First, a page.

I returned to my duties as a Pilot, and by and large I enjoyed it, particularly the large ships which always presented a challenge. I never relished the Liberty type ships as they were heavy on the helm and built for one purpose - to carry as much cargo as possible.

Probably the best were the Clan Line vessels, real class and good handling ships.
Twelve hour trips were not uncommon and at busy times it wasn't unusual to jump off one ship and climb straight aboard another.

In the early years, before we acquired a car, I had to rely on public transport. On many occasions I had left home, got a bus to Manchester to join a ship, piloted the ship down the canal and out into the Mersey. There I would get picked up by a pilot boat and get dropped off in Anglesey where I would get a bus to Bangor, a train to Liverpool, another train to warrington and a bus home to Woolston ... then I'd think about making time for boat building.
A question I have been asked more than once is “Why is it necessary to employ a Pilot, when it is obvious where a ship has to go - between the banks of the Canal?” To answer that, I can only use an analogy. Divide everything by 50 (i.e. the ship’s length, beam

Clan Matheson

draught and canal’s width and depth. The measurements work out to 10 x 1.2 x .5 for the ship and 3 x .56 for the Canal (or it did before silting up occurred). All the measurements are feet and decimal parts of feet. Imagine this to be a piece of timber capable of being steered, fasten steel plates to the back, place a row of magnets along the side of a water filled trench and try and keep it in the centre whilst pushing it along. Too much to one side and the magnets take over pulling the back end towards them and the front end runs into the opposite side. In a ship this is referred to as a sheer, almost impossible to correct , depending on the size and draught of the vessel. Multiply all the measurements by 50 and replace the magnets with water moving back to fill the hole that a vessel leaves behind her, caused by the displacement (in the case of a large loaded ship some 18,000 tons it’s a lot of water) and there you have a craft moving along the Canal.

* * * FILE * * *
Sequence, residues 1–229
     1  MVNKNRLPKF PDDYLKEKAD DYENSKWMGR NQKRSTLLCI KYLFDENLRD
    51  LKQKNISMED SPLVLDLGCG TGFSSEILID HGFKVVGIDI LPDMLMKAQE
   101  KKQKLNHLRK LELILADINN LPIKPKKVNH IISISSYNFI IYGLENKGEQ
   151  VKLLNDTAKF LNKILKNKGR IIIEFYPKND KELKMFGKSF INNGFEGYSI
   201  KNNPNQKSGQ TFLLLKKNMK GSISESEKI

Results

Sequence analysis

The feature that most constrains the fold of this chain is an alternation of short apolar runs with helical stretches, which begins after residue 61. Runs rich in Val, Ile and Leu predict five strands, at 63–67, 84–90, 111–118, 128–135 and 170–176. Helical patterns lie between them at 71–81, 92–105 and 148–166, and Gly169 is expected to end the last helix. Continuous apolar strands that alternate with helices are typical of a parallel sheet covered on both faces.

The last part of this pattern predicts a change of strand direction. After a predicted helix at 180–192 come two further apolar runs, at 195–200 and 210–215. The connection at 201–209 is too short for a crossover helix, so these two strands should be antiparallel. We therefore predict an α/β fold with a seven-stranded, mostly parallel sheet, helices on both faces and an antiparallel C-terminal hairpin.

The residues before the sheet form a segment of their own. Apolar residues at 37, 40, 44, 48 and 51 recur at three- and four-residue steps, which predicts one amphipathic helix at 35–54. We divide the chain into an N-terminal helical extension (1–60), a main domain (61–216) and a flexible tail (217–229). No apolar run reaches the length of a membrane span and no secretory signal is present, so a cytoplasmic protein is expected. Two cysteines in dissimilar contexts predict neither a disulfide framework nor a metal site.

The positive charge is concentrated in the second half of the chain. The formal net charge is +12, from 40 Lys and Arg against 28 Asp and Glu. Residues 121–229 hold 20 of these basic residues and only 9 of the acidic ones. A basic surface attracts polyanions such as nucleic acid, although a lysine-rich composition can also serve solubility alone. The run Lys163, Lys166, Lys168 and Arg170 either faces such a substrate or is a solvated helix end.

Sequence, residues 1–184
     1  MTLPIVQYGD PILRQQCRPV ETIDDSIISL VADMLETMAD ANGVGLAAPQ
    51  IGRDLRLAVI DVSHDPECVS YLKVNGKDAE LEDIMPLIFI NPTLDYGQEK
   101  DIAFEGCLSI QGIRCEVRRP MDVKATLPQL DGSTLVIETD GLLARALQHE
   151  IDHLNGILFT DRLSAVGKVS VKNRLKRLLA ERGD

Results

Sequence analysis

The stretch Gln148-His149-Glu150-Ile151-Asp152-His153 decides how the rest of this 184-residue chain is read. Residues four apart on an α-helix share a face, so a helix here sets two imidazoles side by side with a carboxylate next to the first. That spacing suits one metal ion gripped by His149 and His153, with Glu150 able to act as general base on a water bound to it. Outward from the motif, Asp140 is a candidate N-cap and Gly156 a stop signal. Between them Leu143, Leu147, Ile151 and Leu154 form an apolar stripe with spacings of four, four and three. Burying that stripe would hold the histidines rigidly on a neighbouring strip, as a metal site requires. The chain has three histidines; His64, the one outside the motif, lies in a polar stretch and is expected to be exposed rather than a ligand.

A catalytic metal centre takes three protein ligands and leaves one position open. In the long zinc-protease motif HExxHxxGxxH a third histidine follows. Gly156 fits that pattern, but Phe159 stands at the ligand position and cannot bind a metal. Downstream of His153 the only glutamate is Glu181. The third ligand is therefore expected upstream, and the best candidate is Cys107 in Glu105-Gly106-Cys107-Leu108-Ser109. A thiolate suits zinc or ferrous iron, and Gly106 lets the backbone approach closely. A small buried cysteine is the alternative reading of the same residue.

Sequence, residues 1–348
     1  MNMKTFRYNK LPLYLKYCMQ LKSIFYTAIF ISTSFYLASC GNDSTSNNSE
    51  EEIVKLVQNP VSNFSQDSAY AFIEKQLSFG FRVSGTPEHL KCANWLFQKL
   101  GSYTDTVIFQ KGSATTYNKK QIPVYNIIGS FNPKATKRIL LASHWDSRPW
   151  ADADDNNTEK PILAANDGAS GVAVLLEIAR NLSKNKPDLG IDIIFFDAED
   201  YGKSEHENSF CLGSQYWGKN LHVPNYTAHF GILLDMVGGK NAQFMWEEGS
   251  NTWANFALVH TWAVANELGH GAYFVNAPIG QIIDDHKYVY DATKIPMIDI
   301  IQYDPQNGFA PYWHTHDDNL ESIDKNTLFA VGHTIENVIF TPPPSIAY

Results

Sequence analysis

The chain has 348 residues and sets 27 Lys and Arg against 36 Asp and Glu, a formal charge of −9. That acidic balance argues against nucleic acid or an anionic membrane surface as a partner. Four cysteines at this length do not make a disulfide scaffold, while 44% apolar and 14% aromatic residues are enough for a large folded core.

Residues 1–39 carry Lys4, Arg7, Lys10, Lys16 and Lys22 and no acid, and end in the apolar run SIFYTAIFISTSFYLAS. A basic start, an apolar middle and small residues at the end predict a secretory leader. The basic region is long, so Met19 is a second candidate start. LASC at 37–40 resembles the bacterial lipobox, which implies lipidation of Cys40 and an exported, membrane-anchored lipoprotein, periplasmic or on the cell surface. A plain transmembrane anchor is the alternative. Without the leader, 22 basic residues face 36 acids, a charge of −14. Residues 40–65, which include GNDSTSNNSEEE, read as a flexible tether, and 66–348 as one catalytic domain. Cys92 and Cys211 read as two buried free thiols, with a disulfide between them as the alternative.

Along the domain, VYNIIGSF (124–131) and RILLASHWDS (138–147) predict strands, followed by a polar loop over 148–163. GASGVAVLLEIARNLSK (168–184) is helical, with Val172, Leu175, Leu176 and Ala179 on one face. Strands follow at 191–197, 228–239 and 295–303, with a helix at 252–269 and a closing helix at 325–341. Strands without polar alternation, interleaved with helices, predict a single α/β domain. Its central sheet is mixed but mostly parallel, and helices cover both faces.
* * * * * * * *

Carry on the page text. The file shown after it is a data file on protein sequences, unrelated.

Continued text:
In 1960 I was appointed as Company Pilot to a Norwegian shipping firm, who ran two ships between Manchester and Venezuela carrying crude oil for the refineries. At 550 feet long and 26.5 draught the Husvik and the Kindvik (pictured right) were heavy and I kept them going in all weathers, night and day, but I enjoyed the company of the many friends I made aboard.

The average trip up the Canal in one of the ships was 12 hours, so I was never pleased when I had to board one at midnight, especially on a cold and rainy winter night! They ceased running about 1973, but in 1970 I had commenced building my dream boat, a 40ft ferro-cement yacht.

the Kindvik